“We’re not going to be happy if our planet is literally dying”

In New York City, CBS News spoke with student Alex Roth and her friends.

“We’re not gonna be happy if our planet is literally dying,” Alex said.

Why do they think leaders, world leaders, should listen to 15-year-olds, 16-year-olds?

“Because we are the future,” she said. Another friend agreed, saying “we’re gonna be left to deal with it.”

The climate crusaders were of all ages, including 2-year-old Nil Jensen, who held a “Save the Oceans!” sign.

“When I found out how it actually was, that made me furious,” Thunberg says

Protesters in New York City had completed the 1.3-mile march from Foley Square to Battery Park, at the tip of Manhattan. Thunberg tweeted there were an estimated 250,000 people at the New York City march.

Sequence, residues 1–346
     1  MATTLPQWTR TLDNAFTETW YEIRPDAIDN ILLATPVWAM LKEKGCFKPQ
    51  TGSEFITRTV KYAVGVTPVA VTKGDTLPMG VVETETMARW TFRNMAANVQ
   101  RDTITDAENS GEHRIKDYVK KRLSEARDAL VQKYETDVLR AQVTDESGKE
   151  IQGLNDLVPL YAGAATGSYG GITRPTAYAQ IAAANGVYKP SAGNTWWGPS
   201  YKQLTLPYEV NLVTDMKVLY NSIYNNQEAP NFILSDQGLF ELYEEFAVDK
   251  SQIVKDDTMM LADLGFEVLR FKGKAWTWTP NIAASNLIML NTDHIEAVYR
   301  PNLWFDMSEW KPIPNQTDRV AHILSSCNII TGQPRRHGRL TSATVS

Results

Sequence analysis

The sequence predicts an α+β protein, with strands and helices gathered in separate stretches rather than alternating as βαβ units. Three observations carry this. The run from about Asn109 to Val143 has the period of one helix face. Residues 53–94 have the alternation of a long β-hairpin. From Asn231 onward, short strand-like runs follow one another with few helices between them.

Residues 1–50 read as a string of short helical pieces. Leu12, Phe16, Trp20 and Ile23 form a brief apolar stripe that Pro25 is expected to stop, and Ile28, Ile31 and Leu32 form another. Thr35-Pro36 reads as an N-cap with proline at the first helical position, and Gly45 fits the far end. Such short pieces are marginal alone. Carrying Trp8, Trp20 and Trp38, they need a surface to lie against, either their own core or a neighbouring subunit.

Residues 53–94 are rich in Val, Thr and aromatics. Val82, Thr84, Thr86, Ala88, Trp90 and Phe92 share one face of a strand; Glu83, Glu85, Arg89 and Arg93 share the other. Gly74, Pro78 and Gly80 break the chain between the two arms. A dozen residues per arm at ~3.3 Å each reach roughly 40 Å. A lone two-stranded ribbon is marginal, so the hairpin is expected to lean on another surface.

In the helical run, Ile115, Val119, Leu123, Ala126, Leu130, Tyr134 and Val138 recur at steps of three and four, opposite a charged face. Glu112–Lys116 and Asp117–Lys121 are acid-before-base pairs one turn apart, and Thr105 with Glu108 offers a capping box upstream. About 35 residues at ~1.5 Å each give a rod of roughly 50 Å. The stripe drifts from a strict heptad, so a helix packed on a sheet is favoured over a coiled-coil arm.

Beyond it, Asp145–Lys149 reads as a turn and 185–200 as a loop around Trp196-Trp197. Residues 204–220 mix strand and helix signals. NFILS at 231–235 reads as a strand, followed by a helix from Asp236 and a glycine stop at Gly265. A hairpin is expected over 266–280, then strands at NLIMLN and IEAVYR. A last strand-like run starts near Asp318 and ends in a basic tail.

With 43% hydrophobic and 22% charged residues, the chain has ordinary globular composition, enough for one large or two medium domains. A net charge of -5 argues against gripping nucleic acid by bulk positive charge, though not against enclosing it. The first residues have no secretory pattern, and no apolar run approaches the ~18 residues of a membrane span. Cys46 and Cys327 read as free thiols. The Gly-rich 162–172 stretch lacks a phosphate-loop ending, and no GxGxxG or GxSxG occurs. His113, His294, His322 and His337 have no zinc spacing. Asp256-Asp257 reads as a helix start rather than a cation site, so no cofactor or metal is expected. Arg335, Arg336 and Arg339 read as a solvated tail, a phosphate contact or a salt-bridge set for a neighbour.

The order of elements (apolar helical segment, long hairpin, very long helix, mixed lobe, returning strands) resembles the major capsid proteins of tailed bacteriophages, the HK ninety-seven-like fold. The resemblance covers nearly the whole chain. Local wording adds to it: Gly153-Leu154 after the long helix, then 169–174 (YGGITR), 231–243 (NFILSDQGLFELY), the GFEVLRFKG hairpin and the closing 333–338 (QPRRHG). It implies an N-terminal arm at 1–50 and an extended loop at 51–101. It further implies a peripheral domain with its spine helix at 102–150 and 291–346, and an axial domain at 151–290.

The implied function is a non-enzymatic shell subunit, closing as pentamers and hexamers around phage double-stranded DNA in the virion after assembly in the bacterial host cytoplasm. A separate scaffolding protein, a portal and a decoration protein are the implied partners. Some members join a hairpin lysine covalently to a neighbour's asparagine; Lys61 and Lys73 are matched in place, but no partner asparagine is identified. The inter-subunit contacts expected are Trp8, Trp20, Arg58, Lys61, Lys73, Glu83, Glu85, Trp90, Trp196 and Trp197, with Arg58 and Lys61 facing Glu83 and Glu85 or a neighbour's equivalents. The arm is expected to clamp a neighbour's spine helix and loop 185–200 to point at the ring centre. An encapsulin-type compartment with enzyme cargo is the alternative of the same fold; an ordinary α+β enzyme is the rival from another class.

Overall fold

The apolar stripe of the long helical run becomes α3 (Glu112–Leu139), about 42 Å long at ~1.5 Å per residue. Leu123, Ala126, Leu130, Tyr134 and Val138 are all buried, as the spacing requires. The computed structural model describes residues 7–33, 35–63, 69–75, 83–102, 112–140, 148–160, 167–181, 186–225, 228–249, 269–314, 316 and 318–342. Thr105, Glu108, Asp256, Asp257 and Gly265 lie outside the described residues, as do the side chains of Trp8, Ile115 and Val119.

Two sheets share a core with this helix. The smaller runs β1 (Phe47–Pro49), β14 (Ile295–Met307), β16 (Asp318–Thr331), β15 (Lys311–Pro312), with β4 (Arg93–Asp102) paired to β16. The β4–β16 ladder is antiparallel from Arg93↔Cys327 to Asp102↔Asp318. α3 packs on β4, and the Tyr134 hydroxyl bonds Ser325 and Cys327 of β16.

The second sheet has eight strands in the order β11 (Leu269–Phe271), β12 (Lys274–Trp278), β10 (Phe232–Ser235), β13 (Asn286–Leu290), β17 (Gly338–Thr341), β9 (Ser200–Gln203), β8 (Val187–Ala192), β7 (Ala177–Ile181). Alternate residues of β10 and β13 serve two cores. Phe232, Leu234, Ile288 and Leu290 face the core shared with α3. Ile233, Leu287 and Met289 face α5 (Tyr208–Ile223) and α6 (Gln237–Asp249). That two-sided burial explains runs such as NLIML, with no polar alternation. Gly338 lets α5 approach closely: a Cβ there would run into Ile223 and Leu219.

Thunberg addressed the crowd, calling on world leaders to listen to scientific reports that include data on rising sea temperatures, CBS New York reports.

“How we can get more young people involved — I think to just tell them the truth, tell them how it is,” said Thunberg. “Because when I found out how it actually was, that made me furious so I wanted to do something about it.”

Thousands join Portland march

Thousands of students rallied outside Portland City Hall and made demands of Mayor Ted Wheeler, CBS Portland affiliate KOIN reports. They also called for an end to the age of fossil fuels.

The rally began at City Hall at 10:30 a.m. Protesters then marched to the Oregon Museum of Science and Industry for a climate conference.